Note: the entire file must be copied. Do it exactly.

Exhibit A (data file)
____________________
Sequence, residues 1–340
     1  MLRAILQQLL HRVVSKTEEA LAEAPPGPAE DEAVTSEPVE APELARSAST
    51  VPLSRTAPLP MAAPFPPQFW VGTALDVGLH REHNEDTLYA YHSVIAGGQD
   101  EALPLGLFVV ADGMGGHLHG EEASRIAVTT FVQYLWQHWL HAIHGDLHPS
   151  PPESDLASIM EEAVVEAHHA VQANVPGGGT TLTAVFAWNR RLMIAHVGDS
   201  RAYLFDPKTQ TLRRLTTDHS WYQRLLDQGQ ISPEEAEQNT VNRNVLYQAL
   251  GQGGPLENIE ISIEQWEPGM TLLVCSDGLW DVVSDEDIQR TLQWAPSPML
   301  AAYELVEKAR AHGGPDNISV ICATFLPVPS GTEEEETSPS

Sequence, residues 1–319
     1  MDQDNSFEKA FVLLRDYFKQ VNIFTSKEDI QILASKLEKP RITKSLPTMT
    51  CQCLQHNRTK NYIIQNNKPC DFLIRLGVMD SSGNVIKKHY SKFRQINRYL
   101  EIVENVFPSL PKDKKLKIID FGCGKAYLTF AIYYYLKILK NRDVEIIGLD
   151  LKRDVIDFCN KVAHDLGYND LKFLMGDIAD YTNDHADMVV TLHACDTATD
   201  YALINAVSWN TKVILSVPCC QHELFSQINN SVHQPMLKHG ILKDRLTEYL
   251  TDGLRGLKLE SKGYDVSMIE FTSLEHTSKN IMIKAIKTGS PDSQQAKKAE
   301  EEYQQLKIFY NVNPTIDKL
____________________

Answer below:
Sequence, residues 1–340
     1  MLRAILQQLL HRVVSKTEEA LAEAPPGPAE DEAVTSEPVE APELARSAST
    51  VPLSRTAPLP MAAPFPPQFW VGTALDVGLH REHNEDTLYA YHSVIAGGQD
   101  EALPLGLFVV ADGMGGHLHG EEASRIAVTT FVQYLWQHWL HAIHGDLHPS
   151  PPESDLASIM EEAVVEAHHA VQANVPGGGT TLTAVFAWNR RLMIAHVGDS
   201  RAYLFDPKTQ TLRRLTTDHS WYQRLLDQGQ ISPEEAEQNT VNRNVLYQAL
   251  GQGGPLENIE ISIEQWEPGM TLLVCSDGLW DVVSDEDIQR TLQWAPSPML
   301  AAYELVEKAR AHGGPDNISV ICATFLPVPS GTEEEETSPS

Sequence, residues 1–319
     1  MDQDNSFEKA FVLLRDYFKQ VNIFTSKEDI QILASKLEKP RITKSLPTMT
    51  CQCLQHNRTK NYIIQNNKPC DFLIRLGVMD SSGNVIKKHY SKFRQINRYL
   101  EIVENVFPSL PKDKKLKIID FGCGKAYLTF AIYYYLKILK NRDVEIIGLD
   151  LKRDVIDFCN KVAHDLGYND LKFLMGDIAD YTNDHADMVV TLHACDTATD
   201  YALINAVSWN TKVILSVPCC QHELFSQINN SVHQPMLKHG ILKDRLTEYL
   251  TDGLRGLKLE SKGYDVSMIE FTSLEHTSKN IMIKAIKTGS PDSQQAKKAE
   301  EEYQQLKIFY NVNPTIDKL